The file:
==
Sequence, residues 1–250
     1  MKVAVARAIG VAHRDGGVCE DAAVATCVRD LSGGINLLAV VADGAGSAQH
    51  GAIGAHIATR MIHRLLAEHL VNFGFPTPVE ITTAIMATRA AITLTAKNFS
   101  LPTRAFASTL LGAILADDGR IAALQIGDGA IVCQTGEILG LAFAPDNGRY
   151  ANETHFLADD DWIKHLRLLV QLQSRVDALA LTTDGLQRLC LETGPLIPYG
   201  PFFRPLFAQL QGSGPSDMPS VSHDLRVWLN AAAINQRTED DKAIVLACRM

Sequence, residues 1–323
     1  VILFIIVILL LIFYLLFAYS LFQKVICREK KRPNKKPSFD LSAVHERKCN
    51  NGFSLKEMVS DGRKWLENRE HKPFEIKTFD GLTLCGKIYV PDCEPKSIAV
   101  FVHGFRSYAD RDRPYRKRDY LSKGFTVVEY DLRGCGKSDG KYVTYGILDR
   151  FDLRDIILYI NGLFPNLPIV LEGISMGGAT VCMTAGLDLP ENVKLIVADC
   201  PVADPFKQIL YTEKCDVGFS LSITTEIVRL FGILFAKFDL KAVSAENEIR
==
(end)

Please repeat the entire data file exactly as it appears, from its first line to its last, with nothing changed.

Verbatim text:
Sequence, residues 1–250
     1  MKVAVARAIG VAHRDGGVCE DAAVATCVRD LSGGINLLAV VADGAGSAQH
    51  GAIGAHIATR MIHRLLAEHL VNFGFPTPVE ITTAIMATRA AITLTAKNFS
   101  LPTRAFASTL LGAILADDGR IAALQIGDGA IVCQTGEILG LAFAPDNGRY
   151  ANETHFLADD DWIKHLRLLV QLQSRVDALA LTTDGLQRLC LETGPLIPYG
   201  PFFRPLFAQL QGSGPSDMPS VSHDLRVWLN AAAINQRTED DKAIVLACRM

Sequence, residues 1–323
     1  VILFIIVILL LIFYLLFAYS LFQKVICREK KRPNKKPSFD LSAVHERKCN
    51  NGFSLKEMVS DGRKWLENRE HKPFEIKTFD GLTLCGKIYV PDCEPKSIAV
   101  FVHGFRSYAD RDRPYRKRDY LSKGFTVVEY DLRGCGKSDG KYVTYGILDR
   151  FDLRDIILYI NGLFPNLPIV LEGISMGGAT VCMTAGLDLP ENVKLIVADC
   201  PVADPFKQIL YTEKCDVGFS LSITTEIVRL FGILFAKFDL KAVSAENEIR